Sunday, April 25, 2010

Ginger Spice Cookies


I think that cookie-eaters fall into two camps: those that prefer their cookies chewy and soft, and those that like a cookie with a little crunch.  Obviously many people enjoy all cookies, and there are certainly as many shades of grey (or golden brown in in cookie-speak) in between a soft and a crunchy cookie as there are different types of people.  But if forced to choose, I think you could definitively say if you are one type or the other.  Think about it now... Do you prefer a soft chocolate chip cookie or a Thin Mint with some bite?  A chewy molasses spice cookie or delicate lemon shortbread?  Arguably tough choices.      


Me?  I fall into the soft and chewy camp, although I certainly never deprive myself of a Thin Mint straight out of the freezer.  If you fall into the latter group, these Ginger Almond Wafers will appeal to you most, though they are sure to please even the most die-hard chewy-cookie fan.  I can attest to that fact myself, and I also have the opinions of several other professional cookie-eaters (you know who you are).



I think this recipe originally caught my eye for several reasons.  First, it uses all forms of ginger, which I love.  When making another recipe earlier this year, I had purchased some crystalized ginger and I was happy to find a cookie recipe where I could use it.  I was also intrigued by the ingredient list since it had no eggs, no milk, and no leavening agents, yet had whipping cream and butter to moisten it.  I knew then that I was in for a crunchy cookie!  Lastly, this recipe appealed to me because it looked easy; for some reason I am willing to put a lot of effort into a cake or a pie or a main dish, but I think cookie-baking should be at least relatively simple.  When I looked at this recipe, I thought, "What?  I can make these cookies just using my food processor?  Sign me up!"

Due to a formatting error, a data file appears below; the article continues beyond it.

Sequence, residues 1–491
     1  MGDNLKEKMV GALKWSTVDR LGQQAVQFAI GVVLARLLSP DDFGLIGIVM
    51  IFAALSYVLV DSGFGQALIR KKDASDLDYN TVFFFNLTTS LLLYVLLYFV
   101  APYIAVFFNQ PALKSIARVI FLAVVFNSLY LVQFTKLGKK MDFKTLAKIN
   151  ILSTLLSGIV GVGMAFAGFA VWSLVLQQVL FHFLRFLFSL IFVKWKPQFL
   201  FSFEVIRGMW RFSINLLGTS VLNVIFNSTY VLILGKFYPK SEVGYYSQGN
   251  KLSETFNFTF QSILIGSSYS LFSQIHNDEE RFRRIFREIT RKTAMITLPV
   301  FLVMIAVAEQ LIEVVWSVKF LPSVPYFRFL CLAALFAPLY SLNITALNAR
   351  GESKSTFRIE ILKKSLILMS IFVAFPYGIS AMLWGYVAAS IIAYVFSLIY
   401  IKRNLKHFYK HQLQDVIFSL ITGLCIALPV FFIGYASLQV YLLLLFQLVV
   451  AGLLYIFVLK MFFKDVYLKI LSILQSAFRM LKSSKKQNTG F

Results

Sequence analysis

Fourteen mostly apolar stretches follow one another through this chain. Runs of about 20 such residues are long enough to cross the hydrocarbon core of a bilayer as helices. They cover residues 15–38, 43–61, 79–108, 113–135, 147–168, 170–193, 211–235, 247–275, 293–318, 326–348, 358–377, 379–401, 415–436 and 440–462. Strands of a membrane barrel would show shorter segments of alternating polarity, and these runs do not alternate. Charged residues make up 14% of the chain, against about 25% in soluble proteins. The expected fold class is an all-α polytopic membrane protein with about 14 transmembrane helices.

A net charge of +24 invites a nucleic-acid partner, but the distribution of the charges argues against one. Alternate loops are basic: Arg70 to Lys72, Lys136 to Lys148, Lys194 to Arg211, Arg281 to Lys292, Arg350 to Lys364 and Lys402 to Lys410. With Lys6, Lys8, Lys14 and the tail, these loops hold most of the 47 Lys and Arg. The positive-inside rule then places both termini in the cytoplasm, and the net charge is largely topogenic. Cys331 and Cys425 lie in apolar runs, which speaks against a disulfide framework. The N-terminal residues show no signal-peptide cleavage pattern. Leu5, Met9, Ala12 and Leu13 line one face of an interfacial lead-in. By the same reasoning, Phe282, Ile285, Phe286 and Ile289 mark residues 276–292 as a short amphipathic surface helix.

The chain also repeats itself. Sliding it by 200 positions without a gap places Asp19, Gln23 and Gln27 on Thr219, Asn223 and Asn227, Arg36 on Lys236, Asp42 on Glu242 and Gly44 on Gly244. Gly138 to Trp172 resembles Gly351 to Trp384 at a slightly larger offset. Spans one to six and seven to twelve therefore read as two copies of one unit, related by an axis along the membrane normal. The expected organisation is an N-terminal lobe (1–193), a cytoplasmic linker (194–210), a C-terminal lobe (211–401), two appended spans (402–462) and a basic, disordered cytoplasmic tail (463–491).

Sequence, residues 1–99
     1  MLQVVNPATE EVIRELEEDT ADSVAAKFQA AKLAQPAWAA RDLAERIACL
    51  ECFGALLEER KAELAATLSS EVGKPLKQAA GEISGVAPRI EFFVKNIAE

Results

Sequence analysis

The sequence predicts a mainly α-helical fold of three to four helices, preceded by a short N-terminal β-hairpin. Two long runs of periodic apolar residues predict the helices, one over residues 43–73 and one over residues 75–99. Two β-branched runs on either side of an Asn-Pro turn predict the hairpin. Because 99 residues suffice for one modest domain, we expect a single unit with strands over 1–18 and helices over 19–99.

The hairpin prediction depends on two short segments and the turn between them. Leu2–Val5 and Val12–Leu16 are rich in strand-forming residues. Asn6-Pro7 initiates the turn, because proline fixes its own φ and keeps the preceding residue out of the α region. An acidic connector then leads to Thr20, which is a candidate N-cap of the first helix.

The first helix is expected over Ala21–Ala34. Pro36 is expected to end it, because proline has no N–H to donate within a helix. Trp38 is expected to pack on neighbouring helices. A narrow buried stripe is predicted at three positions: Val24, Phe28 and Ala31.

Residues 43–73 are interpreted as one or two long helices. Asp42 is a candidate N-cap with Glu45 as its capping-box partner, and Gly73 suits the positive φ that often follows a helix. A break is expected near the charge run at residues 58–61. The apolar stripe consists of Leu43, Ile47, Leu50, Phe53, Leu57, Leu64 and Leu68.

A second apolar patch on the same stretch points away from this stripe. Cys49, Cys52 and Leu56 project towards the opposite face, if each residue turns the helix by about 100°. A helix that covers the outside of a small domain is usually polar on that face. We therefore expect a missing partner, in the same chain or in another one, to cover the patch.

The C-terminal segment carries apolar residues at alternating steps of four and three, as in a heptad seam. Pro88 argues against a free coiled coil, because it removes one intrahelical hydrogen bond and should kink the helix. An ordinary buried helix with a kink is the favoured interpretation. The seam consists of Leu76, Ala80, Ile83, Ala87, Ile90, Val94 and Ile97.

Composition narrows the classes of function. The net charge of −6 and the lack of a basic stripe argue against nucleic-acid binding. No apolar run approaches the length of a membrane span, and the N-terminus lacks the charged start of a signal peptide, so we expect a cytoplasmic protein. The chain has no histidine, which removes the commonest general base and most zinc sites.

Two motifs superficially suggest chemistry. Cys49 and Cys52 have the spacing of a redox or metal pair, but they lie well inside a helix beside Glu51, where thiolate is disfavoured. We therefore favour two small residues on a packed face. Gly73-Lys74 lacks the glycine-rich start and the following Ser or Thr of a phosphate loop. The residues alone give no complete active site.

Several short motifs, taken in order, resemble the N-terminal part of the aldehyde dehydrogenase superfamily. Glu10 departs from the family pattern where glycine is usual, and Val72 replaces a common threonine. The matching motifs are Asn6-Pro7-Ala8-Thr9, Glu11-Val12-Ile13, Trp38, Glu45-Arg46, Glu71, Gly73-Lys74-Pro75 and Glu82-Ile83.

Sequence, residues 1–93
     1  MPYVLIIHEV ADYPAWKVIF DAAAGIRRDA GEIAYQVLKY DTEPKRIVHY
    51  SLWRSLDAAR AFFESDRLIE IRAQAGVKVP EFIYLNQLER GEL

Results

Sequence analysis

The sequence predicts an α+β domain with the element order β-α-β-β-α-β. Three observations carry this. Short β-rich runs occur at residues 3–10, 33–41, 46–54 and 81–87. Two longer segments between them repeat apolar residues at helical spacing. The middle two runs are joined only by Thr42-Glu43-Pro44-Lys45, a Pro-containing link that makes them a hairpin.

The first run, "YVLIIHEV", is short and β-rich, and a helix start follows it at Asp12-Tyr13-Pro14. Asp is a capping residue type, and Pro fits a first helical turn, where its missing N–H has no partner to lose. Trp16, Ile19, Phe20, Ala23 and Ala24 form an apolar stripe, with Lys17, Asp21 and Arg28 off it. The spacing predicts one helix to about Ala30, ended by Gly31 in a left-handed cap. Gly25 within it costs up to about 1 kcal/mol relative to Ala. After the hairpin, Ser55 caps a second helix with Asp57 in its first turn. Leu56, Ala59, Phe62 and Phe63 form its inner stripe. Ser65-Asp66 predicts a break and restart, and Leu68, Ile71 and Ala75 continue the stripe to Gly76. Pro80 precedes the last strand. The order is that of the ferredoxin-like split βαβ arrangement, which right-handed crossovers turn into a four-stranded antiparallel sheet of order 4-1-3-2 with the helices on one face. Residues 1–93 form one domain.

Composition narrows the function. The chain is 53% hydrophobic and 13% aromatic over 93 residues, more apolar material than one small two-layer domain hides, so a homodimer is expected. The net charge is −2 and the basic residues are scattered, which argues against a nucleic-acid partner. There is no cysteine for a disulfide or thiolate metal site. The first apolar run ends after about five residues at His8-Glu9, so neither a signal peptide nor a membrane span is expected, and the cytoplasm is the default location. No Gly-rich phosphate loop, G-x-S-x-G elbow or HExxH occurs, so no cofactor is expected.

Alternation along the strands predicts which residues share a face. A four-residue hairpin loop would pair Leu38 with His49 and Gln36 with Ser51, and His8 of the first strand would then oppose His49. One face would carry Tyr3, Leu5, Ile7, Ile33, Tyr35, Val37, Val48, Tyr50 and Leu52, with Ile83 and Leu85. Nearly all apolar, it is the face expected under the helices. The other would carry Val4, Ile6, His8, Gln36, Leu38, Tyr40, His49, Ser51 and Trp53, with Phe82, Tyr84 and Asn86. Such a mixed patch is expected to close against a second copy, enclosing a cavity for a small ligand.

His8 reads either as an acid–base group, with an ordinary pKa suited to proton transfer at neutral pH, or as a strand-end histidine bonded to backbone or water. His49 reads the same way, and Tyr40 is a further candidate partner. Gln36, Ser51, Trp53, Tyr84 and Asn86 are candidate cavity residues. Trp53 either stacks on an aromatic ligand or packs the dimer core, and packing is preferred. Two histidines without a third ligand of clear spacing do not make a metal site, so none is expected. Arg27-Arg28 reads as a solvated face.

I only have a Cuisinart Mini Prep food processor* which holds 3 cups total, so I had to halve the recipe to fit the ingredients.  This is the type of recipe where you just throw everything in the processor, pulse for a while, throw in a few more, and voila!  You have moist cookie dough ready for baking!  I literally only used two bowls to make these cookies, and even then the second bowl is just for transferring the dough out of the food processor.  (Feel free to leave the dough in there if you like, although it is probably not a good idea unless you have Band-Aids on hand.)  


The consistency of this dough is a little sticky, yet it could easily be tamed into forming nice little round shapes.  I am not really sure what would happen if you baked the cookies like that, but the recipe calls for using a glass or something else to press the dough into a flat disk before baking.      


For some of my cookies, I pressed a single almond sliver into the top of each one.  I think I prefer them that way (versus a naked top), even though it adds nothing to the taste but just makes them look cuter.  Since these were crunchy cookies which have only a little moisture to begin with, I was actually worried that they would dry out.  To be honest, I can't really tell you if they would.  I took them into work the day after I baked them and less than 8 hours later they were all gone.